Separate translates to unequal, even for the most successful Black and Latino minorities, according to news reports.
Researchers at Brown University's US2010 Project, which analyzes trends in American society, used research from the 2010 U.S. census to find that Black and Latino households earning more than $75,000 a year tended to live in poorer communities than the average lower-income white household that makes less than $40,000 a year.
This was especially true in large metro areas in the Northeast and Midwest, which has a history of segregation, and lowest in the South and Southwest regions of the country, according to the study. Washington, D.C., and the suburbs of Atlanta were exceptions as they are home to large communities of affluent Blacks.
Researchers asserted their findings to the possibility that Blacks feel social pressure to stay within poorer communities.
"White middle-class families have the option to live in a community that matches their own credentials," sociologist John Logan, director of US2010 Project, told USA Today. "If you're African-American and want to live with people like you in social class, you have to live in a community where you are in the minority."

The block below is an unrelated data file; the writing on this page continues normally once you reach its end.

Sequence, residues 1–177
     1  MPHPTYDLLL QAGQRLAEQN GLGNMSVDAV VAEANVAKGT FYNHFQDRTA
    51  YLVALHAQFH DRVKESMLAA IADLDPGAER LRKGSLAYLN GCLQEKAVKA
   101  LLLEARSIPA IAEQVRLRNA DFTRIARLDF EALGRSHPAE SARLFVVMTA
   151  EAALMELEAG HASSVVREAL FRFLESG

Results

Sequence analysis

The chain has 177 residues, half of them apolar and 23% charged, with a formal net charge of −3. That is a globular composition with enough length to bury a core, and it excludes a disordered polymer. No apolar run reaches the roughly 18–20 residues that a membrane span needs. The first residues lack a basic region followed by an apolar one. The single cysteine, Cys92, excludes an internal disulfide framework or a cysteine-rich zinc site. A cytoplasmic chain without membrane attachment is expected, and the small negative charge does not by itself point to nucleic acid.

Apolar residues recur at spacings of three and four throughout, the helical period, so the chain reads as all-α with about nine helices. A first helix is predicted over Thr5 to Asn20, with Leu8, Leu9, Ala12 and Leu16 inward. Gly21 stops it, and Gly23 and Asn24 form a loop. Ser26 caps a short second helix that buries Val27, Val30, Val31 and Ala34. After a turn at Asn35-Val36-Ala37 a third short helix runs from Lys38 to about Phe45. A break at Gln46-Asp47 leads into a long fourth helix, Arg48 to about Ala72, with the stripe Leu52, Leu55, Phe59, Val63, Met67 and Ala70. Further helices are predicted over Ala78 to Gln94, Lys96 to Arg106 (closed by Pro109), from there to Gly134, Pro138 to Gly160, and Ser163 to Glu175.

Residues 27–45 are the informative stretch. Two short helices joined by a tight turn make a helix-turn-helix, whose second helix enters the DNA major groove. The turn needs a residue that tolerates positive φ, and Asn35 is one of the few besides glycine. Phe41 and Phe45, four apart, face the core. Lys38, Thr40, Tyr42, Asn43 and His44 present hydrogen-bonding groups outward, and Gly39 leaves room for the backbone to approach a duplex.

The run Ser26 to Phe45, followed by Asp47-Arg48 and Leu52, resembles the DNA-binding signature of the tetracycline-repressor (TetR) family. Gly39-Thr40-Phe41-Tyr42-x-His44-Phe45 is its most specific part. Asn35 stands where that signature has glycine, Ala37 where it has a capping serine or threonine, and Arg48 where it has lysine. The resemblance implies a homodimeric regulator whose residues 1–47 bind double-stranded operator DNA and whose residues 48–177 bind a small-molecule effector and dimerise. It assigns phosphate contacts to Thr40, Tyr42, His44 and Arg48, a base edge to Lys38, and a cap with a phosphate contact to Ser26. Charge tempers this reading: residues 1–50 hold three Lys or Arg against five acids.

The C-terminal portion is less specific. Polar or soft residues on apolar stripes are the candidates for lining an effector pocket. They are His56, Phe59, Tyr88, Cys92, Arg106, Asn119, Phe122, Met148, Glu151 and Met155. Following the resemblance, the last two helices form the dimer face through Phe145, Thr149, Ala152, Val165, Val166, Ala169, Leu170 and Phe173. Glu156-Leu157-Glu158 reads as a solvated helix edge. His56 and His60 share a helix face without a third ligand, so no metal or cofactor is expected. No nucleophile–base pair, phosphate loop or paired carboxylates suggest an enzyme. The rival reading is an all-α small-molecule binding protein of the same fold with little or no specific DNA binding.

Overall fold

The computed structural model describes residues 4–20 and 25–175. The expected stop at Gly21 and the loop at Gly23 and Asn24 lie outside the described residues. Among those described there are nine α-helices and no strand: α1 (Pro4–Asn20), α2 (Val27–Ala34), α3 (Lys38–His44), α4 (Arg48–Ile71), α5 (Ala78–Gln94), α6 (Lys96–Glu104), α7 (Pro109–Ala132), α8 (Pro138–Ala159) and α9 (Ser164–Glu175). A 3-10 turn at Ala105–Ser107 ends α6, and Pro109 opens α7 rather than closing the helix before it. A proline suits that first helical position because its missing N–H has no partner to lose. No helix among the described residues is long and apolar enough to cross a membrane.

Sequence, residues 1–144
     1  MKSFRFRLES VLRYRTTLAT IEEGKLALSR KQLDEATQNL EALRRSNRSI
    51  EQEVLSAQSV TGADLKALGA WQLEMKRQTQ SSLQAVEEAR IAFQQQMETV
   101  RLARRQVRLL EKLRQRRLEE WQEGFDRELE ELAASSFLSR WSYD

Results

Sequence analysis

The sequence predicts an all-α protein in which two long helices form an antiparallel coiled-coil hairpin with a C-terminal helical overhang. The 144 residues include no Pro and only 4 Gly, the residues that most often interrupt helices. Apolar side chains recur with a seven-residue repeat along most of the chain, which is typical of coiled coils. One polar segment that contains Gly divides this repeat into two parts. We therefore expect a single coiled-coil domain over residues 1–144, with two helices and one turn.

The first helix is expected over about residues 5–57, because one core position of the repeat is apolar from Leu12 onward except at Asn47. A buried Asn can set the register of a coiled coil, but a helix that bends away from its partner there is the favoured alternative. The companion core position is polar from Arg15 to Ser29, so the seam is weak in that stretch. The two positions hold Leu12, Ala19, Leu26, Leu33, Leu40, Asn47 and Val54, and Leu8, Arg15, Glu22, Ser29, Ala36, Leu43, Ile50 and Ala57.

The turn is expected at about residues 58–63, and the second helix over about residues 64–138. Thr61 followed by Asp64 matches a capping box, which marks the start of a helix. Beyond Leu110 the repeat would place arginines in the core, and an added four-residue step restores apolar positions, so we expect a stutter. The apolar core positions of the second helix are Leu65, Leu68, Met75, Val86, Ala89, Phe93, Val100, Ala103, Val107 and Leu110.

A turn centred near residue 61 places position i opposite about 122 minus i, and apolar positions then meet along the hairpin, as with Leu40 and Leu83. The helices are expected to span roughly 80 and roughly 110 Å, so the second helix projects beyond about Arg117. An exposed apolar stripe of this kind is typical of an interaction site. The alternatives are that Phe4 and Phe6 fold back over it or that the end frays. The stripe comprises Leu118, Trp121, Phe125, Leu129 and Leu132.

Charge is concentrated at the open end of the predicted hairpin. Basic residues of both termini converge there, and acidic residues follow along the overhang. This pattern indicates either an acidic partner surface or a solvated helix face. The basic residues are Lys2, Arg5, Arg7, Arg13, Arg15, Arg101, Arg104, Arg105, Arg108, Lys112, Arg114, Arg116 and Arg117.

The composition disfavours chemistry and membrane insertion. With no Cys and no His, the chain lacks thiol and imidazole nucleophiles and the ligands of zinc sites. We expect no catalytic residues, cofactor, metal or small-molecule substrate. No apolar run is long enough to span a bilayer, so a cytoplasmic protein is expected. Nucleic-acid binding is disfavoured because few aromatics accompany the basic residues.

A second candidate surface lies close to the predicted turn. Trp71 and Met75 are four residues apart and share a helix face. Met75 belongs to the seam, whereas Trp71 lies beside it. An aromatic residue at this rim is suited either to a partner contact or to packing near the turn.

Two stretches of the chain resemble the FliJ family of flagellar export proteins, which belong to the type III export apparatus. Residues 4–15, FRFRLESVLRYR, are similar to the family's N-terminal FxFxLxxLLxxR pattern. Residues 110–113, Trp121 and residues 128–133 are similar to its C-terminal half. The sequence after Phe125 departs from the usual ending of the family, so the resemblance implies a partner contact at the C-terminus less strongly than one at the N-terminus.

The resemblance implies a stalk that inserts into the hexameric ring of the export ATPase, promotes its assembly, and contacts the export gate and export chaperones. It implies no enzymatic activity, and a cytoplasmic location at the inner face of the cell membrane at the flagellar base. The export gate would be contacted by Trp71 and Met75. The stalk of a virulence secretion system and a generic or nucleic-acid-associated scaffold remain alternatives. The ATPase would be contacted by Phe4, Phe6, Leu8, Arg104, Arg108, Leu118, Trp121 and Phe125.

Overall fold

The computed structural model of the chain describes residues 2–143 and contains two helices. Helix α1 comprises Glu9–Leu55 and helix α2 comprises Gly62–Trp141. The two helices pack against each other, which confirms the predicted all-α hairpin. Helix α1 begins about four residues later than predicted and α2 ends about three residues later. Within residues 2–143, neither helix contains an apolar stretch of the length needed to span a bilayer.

On a whole, the study found that Blacks live in neighborhoods that are typically 45% Black, 35% white, 15% Latino and 4% Asian, which researchers believe is in line with a national trend in diversified neighborhoods due to the increase of Asians and Latinos into the overall population.
Lower performing schools, high crime rates and lower home values in poorer neighborhoods also explain the disparities, researchers say.
(Photo: REUTERS/Keith Bedford/Landov)